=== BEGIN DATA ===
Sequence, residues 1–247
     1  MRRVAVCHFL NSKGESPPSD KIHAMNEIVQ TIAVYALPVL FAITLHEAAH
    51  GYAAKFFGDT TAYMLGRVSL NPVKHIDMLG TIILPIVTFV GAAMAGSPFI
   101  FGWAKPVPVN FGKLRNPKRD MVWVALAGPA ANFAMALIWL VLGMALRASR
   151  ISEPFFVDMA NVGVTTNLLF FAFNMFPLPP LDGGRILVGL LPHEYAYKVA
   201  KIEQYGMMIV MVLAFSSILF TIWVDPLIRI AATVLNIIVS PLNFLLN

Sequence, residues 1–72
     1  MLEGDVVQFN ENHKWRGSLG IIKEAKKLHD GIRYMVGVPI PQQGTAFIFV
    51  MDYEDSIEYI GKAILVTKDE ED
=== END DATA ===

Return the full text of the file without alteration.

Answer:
Sequence, residues 1–247
     1  MRRVAVCHFL NSKGESPPSD KIHAMNEIVQ TIAVYALPVL FAITLHEAAH
    51  GYAAKFFGDT TAYMLGRVSL NPVKHIDMLG TIILPIVTFV GAAMAGSPFI
   101  FGWAKPVPVN FGKLRNPKRD MVWVALAGPA ANFAMALIWL VLGMALRASR
   151  ISEPFFVDMA NVGVTTNLLF FAFNMFPLPP LDGGRILVGL LPHEYAYKVA
   201  KIEQYGMMIV MVLAFSSILF TIWVDPLIRI AATVLNIIVS PLNFLLN

Sequence, residues 1–72
     1  MLEGDVVQFN ENHKWRGSLG IIKEAKKLHD GIRYMVGVPI PQQGTAFIFV
    51  MDYEDSIEYI GKAILVTKDE ED